Thursday, September 18, 2014

For those who faithfully accompany us

Students of the Bible are celebrating this week's discovery of the long-lost 29th chapter of Acts, found deep within a remote cave in southern Palestine. The ancient scrolls are still in good condition, according to scholars who translated them into English and put them online for all to read.

Chapter 29 concerns a problem still shared by many Christian churches today. It reads:

"And it came to pass, when Paul was at Corinth, he and certain disciples came upon a mob that was about to stone an organist. And Paul said unto them, 'What then hath he done unto thee, that is head should be bruised?'

And the people cried with one voice, 'He hath played too loud! Yea, in the singing of psalms, he maketh our heads to ring as if beaten by hammers. Behold, he sitteth up high in the loft, and mighty are the pipes, and mighty is the noise thereof, and though there be few of us below, he nonetheless playeth with all the stops; the Assyrian trumpet stop, and the sound of the ram's horn stop, and the stop that soundeth like the sawing of stone, and we cannot hear the words that cometh out of our own mouths. He always tosseth in variations that confuse us mightily, and he playeth always in militant tempo so we have not time to breathe as we sing. Lo, he is a plague upon the faith and should be chastised.'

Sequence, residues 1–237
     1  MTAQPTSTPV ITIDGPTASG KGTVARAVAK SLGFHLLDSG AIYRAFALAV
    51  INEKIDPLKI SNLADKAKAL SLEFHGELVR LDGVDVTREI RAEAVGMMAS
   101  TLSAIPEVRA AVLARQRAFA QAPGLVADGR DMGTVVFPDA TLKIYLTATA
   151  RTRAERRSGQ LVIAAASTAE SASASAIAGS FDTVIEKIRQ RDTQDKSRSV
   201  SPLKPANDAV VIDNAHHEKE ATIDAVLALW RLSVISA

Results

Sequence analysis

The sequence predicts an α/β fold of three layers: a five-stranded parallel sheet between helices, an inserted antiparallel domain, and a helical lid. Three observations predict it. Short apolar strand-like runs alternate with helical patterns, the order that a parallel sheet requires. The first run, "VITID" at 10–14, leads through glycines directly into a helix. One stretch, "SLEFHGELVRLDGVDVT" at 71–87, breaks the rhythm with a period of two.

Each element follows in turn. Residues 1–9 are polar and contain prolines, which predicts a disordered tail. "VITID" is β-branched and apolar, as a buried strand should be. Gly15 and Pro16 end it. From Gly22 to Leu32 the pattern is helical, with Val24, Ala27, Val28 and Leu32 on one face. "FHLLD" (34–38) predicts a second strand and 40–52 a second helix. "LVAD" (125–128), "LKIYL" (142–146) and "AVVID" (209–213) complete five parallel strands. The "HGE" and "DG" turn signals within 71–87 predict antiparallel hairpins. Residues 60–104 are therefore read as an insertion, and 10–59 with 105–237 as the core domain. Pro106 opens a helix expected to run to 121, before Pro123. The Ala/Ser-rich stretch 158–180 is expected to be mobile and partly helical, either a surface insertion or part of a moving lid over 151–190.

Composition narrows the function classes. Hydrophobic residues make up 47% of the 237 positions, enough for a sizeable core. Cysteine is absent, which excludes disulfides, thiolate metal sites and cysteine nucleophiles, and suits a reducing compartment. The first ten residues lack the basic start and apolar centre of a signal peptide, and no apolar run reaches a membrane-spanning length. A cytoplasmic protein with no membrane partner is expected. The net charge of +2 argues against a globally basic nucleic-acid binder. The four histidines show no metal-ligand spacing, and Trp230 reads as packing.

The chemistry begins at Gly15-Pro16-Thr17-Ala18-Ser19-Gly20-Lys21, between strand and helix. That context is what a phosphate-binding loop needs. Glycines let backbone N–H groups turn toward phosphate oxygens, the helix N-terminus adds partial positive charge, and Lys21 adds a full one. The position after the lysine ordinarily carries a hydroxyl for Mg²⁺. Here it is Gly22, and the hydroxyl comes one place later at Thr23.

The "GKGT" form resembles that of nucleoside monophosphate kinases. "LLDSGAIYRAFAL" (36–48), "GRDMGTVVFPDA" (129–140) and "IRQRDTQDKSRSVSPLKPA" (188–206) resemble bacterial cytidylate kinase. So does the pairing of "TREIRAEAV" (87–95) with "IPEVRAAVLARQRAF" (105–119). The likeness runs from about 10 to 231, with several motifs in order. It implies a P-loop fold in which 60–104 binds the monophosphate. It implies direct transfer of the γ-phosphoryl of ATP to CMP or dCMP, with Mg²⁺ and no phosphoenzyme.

Hearing this, Paul himself picked up a small stone and was about to cast it, but he set it down and bade the organist come forth.

He was a narrow man, pale of complexion, thin of hair, who took few vacations. And Paul saith unto him, 'Why hast thou so abused thy brethren?'

And the organist replied, 'I could not hear them singing from where I sat, and therefore I played the louder to encourage them.'

Then Paul turned to the mob and said loudly, 'Let him who hath played an organ, both keys and pedals, cast the first stone.' And they looked within themselves and departed, beginning with the music professor even unto the sixth-grade piano student. And embracing him, Paul bade the organist repent, and he did."

The authenticity of these scrolls has yet to be verified, but their lesson is a valuable one. Let's salute the men and women who faithfully accompany us as we sing in church. Led by love, they lift our spirits week after week, with few vacations and fewer pats on the back.

If you agree church organists are sometimes taken for granted, please pause after church this Sunday to give your musician a hug of thanks, just as Paul did in Acts 29.

1 comment:

  1. Can't wait to read Acts 30. Perhaps it covers the story of the lowly grounds maintenance man at the tabernacle who the parishioners would not assist. LOL